Cows have been with us since the early Neolithic period, occupying an important role in our development as a society and culture. Let’s take a look at some of history’s more recent cows with fame to their names, including some with a more mythological bent.
This is one of the world’s most famous (and most frequently-photographed) representatives of the bovine brigade. “Charging Bull,” created by sculptor Arturo Di Modica, spends his time in Bowling Green Park, close to the heart of Manhattan’s stock exchange. He’s so well-known that he’s become a symbol of Wall Street and commerce in New York City, showing up in locations like news broadcasts, political cartoons, and vacation photos. Incidentally, Di Modica has crafted similar sculptures for installation in other regions of the world, in a nod to international commerce and trade.
2. Mrs. O’Leary’s Cow
One of history’s more maligned cows, Mrs. O’Leary’s cow is popularly blamed for causing the Great Chicago Fire in 1871 by kicking over a lantern in her stable. In fact, while the fire did start in the O’Leary’s barn, investigators never determined the true cause, and the cow story was made up to sell newspapers, trading on the anti-Irish sentiment that ran high in the city at the time. Mrs. O’Leary (and her cow) were posthumously exonerated in 1997.
3. Babe the Blue Ox
A mythical giant lumberjack needs a companion of equally impressive stature. Babe the Blue Ox accompanies Paul Bunyan, a figure seen across the Midwest and Pacific Northwest, in his adventures through the forests of the United States and Canada. Bunyan is allegedly a lumberjack of unusual skill, while Babe is extremely strong and powerful. Travelers through their stomping grounds may encounter a number of statues erected in their honor, as well as festivals celebrating Paul and Babe.
4. Charlene Mooken
This elegant Charolais cow, also known as Cincinnati Freedom, was slated for doom at an Ohio slaughterhouse in 2002 when she hopped the fence, evading pursuers for almost two weeks. After that show of spirit and dedication, she was given a stay of execution and allowed to live out her days at an animal welfare sanctuary. She lost a battle with spinal cancer in 2008, but her memory lives on, along with that of other cows who’ve escaped the slaughterhouse.
5. Yvonne the Dairy Cow
Speaking of escapees, Yvonne eluded capture for three months in Germany after she wandered out of her familiar pasture and into the woods. She even took up with a herd of deer for a while, and she went down fighting when she was finally captured; a double dose of tranquilizers was required to sedate her. She’s also living out her days in an animal sanctuary.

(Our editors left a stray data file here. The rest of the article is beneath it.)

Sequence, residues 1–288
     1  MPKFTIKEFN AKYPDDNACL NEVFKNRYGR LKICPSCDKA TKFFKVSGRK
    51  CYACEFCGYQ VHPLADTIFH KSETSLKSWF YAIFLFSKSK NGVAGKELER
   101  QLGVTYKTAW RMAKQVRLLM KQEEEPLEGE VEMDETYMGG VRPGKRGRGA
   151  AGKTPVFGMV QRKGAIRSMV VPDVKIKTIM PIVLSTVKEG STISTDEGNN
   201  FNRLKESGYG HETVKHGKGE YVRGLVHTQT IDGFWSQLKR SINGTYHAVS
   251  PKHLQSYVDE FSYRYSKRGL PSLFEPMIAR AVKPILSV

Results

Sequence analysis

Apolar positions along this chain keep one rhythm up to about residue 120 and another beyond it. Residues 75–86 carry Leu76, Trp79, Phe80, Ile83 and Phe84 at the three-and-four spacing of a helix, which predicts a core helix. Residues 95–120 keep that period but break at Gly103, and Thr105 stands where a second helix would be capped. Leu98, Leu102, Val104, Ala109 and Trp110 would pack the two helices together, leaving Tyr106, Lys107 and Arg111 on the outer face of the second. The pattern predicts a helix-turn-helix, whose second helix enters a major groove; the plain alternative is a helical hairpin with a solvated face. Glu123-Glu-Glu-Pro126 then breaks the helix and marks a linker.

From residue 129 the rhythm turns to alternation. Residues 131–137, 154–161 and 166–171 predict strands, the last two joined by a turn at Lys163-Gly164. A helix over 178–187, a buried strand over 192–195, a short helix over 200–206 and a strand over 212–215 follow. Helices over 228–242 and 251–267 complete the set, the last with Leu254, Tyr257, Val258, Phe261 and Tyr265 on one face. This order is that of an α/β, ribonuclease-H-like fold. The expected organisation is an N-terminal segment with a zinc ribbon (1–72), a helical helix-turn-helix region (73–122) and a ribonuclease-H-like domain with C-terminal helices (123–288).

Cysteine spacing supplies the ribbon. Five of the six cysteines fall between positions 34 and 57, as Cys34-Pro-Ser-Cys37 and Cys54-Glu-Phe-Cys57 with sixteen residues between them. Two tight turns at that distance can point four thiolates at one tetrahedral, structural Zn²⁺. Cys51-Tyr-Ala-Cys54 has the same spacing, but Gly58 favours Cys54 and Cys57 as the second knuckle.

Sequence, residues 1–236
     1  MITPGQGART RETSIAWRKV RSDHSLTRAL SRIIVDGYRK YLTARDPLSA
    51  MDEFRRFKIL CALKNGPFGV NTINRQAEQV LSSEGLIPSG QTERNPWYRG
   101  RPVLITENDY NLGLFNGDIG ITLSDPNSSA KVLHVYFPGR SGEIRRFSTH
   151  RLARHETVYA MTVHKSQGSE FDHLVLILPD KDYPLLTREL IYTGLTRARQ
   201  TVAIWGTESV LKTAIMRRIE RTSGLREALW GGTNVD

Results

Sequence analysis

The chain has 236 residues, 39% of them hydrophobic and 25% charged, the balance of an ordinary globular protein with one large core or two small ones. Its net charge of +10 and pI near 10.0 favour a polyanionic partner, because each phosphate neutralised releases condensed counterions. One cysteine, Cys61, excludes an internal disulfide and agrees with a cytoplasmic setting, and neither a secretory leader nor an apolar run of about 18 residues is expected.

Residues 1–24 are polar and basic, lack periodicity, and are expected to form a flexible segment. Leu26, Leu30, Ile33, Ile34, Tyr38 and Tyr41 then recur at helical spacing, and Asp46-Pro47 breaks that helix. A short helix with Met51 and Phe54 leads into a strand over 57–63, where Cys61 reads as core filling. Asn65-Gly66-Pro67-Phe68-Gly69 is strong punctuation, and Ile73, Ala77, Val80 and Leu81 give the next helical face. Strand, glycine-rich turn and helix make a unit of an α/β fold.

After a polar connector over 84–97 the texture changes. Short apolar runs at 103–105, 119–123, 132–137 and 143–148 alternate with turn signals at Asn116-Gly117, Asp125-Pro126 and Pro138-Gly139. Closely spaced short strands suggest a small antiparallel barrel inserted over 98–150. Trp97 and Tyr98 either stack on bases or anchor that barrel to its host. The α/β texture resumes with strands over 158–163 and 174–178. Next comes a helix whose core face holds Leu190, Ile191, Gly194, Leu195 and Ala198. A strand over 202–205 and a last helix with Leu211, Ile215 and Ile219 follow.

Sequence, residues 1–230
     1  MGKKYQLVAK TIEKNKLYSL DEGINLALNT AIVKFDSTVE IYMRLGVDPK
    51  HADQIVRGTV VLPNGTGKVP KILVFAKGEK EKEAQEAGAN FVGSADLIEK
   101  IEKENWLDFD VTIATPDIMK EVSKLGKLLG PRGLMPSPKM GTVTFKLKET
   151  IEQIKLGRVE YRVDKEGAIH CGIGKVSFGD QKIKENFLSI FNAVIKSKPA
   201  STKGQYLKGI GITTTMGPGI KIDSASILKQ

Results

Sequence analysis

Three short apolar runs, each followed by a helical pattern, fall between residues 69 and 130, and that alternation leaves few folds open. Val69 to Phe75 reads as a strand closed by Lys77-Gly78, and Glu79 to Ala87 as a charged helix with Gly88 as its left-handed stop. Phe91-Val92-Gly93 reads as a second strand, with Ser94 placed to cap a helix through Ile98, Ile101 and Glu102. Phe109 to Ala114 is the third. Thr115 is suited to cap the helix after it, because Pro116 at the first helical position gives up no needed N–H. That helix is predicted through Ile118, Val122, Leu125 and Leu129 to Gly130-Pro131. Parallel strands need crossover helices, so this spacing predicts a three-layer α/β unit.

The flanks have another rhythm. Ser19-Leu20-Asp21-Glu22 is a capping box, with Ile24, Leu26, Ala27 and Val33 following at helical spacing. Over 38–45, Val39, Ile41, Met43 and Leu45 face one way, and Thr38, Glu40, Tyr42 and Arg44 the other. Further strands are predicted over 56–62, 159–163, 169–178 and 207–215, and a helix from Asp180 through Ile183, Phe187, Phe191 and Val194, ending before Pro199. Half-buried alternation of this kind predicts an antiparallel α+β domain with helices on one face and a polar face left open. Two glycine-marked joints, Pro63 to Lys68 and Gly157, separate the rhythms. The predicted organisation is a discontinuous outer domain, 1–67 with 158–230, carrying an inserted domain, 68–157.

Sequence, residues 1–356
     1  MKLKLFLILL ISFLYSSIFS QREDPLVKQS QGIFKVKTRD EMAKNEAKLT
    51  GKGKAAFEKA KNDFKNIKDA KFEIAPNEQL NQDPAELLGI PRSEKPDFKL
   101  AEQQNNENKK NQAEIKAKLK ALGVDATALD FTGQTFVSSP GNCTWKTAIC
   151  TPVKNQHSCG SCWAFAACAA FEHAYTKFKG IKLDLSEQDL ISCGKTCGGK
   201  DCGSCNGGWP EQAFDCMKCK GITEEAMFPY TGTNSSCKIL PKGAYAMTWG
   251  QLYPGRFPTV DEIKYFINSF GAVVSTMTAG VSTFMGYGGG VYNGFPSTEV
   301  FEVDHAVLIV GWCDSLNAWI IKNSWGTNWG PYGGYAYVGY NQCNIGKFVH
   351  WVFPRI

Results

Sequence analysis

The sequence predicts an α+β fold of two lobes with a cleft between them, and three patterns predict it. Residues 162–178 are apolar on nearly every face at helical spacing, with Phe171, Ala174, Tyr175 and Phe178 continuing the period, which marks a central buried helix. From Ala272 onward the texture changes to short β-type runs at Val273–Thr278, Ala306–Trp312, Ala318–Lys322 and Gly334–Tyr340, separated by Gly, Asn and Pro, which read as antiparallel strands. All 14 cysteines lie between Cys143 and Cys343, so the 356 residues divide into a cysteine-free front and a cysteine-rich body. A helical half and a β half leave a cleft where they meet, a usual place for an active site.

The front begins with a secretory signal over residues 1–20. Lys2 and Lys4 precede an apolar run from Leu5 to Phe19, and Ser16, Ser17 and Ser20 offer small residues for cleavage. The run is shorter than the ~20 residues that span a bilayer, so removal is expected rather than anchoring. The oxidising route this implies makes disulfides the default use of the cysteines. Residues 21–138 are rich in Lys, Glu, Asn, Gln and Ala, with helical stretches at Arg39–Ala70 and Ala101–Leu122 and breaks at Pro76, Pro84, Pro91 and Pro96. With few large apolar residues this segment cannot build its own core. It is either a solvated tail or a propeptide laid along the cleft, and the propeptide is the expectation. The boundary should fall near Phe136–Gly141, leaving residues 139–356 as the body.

6. The Stars of CowParade
When it comes to public art, cows think big. CowParade is a project of international scope with scores of participating cities (and copycow projects). Each participant receives a cow sculpture that is decorated by an artist, displayed for a set period of time and then sold to benefit a charitable cause. Keepsakes in a more modest size are available for those who want a little piece of the parade for their own pastures.
Maudine Ormsby was elected Homecoming Queen at Ohio State University in 1926 despite not being enrolled as a student, thanks to irregularities in the election process. The most irregular situation about the election, though, was the identity of the winner: Maudine was a cow. And yes, she was crowned and attended the homecoming parade, although she declined to step out for the dance; instead, runnerup Rosalind Morrison Snapp hoofed it on the dance floor.
8. Hi Cow
This steer is a friendly and gracious host to anyone who pops by his pasture, but that’s not what saved him from the freezer. Instead, it’s the startling and distinctive marking on his side, which clearly reads “hi.” With a sign like that, it’s easy to argue a clear case for mercy.
9. The Cow That Jumped Over the Moon
One of the most famous cows in history sadly has no name; in “Hey Diddle Diddle,” a rhyme from Mother Goose, this cow jumps over the moon, no mean feat. Along with the other characters in this classic nursery rhyme, the cow may have no name, but she’s still embedded in the minds of millions of English-speaking children who heard all about her in their formative years.
10. Pauline Wayne
Think a White House vegetable garden is impressive? Many prior residents of the White House also maintained some livestock on the premises, like Pauline Wayne, who supplied President Taft with milk from 1910-1913 when previous First Cow Mooley Wooly wasn’t up to the task anymore. Pauline was allowed to freely roam the White House grounds and became a common sight and press favorite; notably, she was the last official White House cow, although we think that tradition should be revived!
What’s with all the cow content? One wily Care2 member, Bessie the Holstein, decided cows were underrepresented and started a petition. She officially staged a successful takeover of our offices, and has redubbed us “CareMoo.”
Image credit: Leo ViŽtor